I don’t know about you, but the first thing I do when I get a printed piece is to run my hand across it. It doesn’t matter what the piece is – a menu, an invitation or a book cover – an involuntary reaction occurs. Much like taking a breath, I do it without even realizing it. Well, that is until I realize I’m in a restaurant or some other public place feeling up a menu and that probably looks really odd to non-industry people. When I got a copy of the book, Design to Touch Engraving: History, Process, Concepts, & Creativity, I lost complete sense of space, time and decorum.
When it comes to print, few techniques convey such an intense sense of artistry and craftsmanship as engraving. Did you know engraving’s modest beginning produced a system enabling mass communication and the spread of priceless art? It was actually the first way to enlighten the masses. It’s a tradition steeped in history and the website from Neenah Paper, The Beauty of Engraving, is dedicated to the craft. Detailing the milestones of engraving’s history, the site also showcases the work of contemporary designers using the medium today in a series of prints. The newest addition to the series was created by lettering artist, Kevin Cantrell, and we’re super excited to be able to giveaway 10 of these limited edition prints to our audience.
Sunday night most of America will be watching as those words are said before announcing the Oscar winner. While we’ll be watching the Academy Awards along with the rest of the country to see who wins, we’ll also be paying particular attention to the details – the envelope.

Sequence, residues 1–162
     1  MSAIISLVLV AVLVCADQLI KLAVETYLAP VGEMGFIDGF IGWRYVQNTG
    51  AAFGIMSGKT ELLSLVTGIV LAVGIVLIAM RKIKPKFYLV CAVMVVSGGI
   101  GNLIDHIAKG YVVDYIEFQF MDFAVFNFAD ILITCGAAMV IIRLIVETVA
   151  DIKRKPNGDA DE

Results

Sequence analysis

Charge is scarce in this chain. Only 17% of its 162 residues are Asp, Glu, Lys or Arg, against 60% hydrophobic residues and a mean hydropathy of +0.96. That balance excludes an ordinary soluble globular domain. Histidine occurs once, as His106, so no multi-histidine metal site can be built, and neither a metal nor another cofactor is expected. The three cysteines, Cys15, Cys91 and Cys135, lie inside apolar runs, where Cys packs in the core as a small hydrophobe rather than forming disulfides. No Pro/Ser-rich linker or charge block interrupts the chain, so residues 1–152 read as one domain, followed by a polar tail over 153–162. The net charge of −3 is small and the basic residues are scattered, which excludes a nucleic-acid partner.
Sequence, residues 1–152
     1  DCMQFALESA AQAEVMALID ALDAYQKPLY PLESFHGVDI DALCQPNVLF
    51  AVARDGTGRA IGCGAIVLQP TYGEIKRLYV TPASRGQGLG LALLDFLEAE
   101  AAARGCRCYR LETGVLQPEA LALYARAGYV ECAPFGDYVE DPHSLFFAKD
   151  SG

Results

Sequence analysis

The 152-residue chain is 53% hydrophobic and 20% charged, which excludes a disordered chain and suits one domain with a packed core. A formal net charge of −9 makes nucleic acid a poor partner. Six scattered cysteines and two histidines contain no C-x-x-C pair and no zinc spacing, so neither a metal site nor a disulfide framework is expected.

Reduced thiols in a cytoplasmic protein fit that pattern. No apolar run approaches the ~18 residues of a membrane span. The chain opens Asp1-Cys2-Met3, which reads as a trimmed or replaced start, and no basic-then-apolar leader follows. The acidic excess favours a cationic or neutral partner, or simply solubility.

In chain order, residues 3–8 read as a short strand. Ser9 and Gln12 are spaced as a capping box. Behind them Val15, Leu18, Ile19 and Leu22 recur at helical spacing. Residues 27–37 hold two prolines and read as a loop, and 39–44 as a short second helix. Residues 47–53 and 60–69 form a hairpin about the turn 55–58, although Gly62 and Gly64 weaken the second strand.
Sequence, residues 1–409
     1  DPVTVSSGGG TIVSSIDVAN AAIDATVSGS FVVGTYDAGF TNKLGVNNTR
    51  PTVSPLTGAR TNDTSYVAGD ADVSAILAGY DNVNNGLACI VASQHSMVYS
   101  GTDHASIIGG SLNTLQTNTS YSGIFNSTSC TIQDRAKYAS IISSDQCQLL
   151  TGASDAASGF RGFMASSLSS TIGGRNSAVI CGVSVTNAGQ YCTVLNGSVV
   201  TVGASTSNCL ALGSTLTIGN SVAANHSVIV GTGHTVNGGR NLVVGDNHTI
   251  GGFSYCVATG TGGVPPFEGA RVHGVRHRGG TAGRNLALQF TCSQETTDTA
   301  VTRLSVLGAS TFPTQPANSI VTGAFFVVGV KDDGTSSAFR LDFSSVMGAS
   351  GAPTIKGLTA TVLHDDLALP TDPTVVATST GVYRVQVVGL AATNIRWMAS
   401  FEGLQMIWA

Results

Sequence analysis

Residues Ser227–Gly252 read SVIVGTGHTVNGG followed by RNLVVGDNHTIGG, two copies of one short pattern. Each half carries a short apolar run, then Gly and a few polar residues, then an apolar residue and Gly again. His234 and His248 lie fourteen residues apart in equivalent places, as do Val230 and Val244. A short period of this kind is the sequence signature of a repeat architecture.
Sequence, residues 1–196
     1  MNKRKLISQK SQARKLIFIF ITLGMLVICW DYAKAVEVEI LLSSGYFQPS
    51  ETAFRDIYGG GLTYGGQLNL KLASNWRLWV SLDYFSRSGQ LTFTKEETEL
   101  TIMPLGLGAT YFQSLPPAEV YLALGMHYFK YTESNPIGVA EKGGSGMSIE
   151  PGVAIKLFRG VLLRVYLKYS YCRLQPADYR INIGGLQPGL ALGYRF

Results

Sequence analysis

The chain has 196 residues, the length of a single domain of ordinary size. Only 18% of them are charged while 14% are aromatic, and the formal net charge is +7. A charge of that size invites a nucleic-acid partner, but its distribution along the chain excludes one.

Believe it or not, up until four years ago the most coveted announcement in film making was enclosed in a plain white wove envelope, the kind you’d find at Staples. All that changed when L.A. stationer, Marc Friedland, founder and creative director of Los Angeles-based Marc Friedland Couture Communications persuaded the Academy of Motion Picture Arts and Science to let him design an envelope that not only visually reflects the tone of the event and looks elegant on television, but be constructed in a way that made it simple for the presenters to open. Leave it to a designer to put the emphasis on utility, with design reinforcing the product’s message.
Each envelope is handcrafted out of four different papers stocks produced in Bavaria. Friedland’s 10-member Oscar team does everything by hand, with over 100 hours of labor including 10 different processes : custom-made paper, hand-tooled die-making, laminating, hand-folding, hand-gluing, hand-wrapping, sheeting, hand-fed gold-leaf stamping, hand-fed embossing, printing and using at least 40 yards of red ribbon.
Inside the envelope, the creators note, is a heavyweight ecru card featuring deco gold foil and accented with a gold-leaf embossed Oscar statuette along with the gold engraved phrase, “And the Oscar goes to…” The winner is printed in charcoal ink and mounted onto a matching red lacquer hand-wrapped frame. The back of the card introduces a new feature, indicating the specific award category visible to the audience and viewers, they add.
While creating the design, Friedland said it was important to make sure the card and envelope were not trendy or subject to fashion. He and his team looked to the ceremony itself for inspiration. “We took our cues from old Hollywood. The colors of gold and burgundy are the statuette and the red carpet,” Friedland says. “With that in mind, we really felt that this was the most simple, but brilliant-looking, because it also has to look great on stage.”
Friedland emphasizes the importance of the printed envelopes, even as new technologies continue to transform media. “Hopefully the envelope will never become digital because it’s a keepsake,” he said. “It’s the least-tech, most-emotional keepsake I know, and it’s perhaps the most-famous envelope in the world.” We couldn’t agree more.